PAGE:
|SB 0638||Landowner Actions to Clear Title|
|LR Number:||S2543.05P||Fiscal Note:||2543-05|
|Committee:||Civil and Criminal Jurisprudence|
|Last Action:||04/11/96 - Defeated on S Third Reading|
|Title:||SS/SCS/SBs 638 & 753|
|Effective Date:||August 28, 1996|
SS/SCS/SBs 638 & 753 - This act makes two significant changes in the law relating to mechanics' liens: 1) a landowner may file a petition to adjudicate all liens claimed on his property; and 2) a landowner may furnish a bond with the circuit court to satisfy all claims for improvements made to his property. This act also provides lien rights to designers and architects.
LANDOWNER PETITION: A landowner or tenant may file a petition in the circuit court to adjudicate all liens claimed on his property so long as no action to enforce any such liens has been commenced. A lien claimant who fails to establish his lien may be ordered to pay the costs of the landowner's action.
LANDOWNER BOND: A landowner may file a bond, escrow or letter of credit with the circuit court to pay for liens that may be filed on the property. The amount of the bond, escrow or letter of credit shall be equal to or greater than the price of the contract for which the bond, escrow or letter of credit is provided. Once the bond, escrow or letter of credit is approved by the judge, no liens shall attach and those liens that had been filed previously shall be deemed discharged. The bond, escrow or letter of credit may require that claims upon the bond, escrow or letter of credit be brought within a specified period. Once this period expires, the bond, escrow or letter of credit shall be canceled by operation of law.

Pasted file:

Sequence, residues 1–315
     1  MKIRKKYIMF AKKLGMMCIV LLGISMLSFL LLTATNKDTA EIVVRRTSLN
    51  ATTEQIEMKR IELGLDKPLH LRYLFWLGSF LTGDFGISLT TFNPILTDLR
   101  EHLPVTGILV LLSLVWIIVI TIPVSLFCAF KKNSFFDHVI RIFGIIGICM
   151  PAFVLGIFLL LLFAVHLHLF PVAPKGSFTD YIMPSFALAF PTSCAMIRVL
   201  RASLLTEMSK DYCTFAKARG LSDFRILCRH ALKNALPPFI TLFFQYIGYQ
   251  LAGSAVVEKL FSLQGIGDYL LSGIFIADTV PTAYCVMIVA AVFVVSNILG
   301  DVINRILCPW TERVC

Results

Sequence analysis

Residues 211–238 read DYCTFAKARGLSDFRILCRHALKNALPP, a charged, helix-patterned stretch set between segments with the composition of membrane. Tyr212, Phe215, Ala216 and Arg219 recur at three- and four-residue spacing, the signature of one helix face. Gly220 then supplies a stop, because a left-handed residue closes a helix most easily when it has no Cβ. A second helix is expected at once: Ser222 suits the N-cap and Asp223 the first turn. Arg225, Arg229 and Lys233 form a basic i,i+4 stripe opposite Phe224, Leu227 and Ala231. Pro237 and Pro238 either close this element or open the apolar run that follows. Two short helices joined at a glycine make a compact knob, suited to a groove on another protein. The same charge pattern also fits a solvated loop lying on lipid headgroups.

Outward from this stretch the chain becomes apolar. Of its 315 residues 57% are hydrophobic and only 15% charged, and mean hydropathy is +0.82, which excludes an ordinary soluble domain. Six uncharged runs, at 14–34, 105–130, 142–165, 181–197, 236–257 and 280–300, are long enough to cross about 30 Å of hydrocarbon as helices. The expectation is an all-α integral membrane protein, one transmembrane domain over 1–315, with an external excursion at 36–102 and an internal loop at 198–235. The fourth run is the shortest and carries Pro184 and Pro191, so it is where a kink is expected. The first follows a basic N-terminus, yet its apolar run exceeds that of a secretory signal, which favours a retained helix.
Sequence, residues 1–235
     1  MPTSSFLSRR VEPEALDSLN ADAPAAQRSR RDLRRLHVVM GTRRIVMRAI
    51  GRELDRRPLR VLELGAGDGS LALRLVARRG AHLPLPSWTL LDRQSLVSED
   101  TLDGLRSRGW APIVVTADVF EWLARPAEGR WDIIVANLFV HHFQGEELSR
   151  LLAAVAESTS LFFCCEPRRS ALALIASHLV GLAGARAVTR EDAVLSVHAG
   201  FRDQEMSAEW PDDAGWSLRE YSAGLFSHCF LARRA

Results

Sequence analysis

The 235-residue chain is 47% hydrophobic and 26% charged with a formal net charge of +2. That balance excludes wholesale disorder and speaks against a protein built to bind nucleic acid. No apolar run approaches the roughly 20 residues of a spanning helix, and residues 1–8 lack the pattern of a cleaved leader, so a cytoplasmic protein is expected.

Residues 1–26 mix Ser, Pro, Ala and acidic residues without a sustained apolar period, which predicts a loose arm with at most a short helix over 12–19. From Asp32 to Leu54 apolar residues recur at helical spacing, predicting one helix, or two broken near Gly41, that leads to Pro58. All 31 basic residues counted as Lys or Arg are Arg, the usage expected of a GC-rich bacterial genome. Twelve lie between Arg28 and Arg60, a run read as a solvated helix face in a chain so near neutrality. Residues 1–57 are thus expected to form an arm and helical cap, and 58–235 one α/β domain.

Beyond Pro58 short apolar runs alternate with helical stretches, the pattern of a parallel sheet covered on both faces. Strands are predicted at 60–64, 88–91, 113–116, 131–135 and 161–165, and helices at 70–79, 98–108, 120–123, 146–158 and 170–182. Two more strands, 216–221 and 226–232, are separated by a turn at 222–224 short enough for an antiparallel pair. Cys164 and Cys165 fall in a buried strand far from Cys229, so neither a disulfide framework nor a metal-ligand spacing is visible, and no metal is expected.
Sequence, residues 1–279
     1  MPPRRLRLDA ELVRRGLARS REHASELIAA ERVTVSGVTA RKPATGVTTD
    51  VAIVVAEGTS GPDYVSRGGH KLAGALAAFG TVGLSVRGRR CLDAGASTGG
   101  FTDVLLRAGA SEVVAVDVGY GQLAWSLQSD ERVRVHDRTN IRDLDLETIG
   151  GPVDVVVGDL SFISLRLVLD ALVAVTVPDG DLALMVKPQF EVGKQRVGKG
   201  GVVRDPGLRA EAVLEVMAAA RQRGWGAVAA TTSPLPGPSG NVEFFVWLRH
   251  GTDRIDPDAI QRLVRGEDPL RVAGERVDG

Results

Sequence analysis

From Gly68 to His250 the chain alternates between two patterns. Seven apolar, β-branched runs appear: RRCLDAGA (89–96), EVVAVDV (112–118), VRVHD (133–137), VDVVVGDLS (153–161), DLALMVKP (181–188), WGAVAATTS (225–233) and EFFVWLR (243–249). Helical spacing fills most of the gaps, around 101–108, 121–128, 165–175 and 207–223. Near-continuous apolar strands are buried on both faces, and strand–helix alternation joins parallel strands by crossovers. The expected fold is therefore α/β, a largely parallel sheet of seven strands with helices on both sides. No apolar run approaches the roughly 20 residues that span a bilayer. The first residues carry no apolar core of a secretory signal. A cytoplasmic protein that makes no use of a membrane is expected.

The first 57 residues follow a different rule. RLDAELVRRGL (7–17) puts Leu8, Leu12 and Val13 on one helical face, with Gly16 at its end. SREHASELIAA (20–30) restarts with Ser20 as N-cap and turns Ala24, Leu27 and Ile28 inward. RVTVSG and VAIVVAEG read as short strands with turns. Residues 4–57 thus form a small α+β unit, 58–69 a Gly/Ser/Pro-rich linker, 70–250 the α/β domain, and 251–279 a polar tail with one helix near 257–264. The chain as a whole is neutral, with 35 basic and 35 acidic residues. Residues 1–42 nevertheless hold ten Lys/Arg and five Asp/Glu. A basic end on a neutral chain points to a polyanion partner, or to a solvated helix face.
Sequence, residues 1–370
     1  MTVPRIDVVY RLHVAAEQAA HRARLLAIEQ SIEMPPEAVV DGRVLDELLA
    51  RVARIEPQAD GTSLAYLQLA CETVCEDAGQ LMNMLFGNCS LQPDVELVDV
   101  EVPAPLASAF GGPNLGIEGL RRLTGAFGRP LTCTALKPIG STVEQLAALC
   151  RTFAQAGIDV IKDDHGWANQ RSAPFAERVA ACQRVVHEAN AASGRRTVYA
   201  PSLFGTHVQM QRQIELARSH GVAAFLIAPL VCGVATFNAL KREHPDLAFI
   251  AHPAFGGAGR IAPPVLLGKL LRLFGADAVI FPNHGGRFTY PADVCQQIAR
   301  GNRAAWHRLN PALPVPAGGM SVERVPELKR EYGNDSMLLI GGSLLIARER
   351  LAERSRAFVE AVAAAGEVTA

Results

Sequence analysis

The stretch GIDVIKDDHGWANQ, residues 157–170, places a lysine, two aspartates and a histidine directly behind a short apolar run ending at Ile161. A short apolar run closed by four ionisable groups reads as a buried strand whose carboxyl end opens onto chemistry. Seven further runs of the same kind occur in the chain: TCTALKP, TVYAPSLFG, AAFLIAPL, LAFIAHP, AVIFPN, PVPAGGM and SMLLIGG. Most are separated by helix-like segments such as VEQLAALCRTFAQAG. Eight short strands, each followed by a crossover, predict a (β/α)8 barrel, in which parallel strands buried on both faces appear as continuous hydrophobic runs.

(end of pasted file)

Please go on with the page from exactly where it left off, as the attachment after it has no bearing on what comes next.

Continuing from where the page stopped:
ARCHITECTURAL LIENS: An architect or engineer may assert a lien upon a building or land, even if actual construction has not begun, if the following conditions are met:
1) the owner contracted directly with the architect or engineer;
2) the owner is the owner of the land at the time the contract is made; and
3) the architect or engineer files a notice of intent to lien listing with the clerk of the circuit court within three months of the date of the architect s last work on the property.
Finally, this act defines the term "persons" for the purpose
of Section 431.180, RSMo, relating to private construction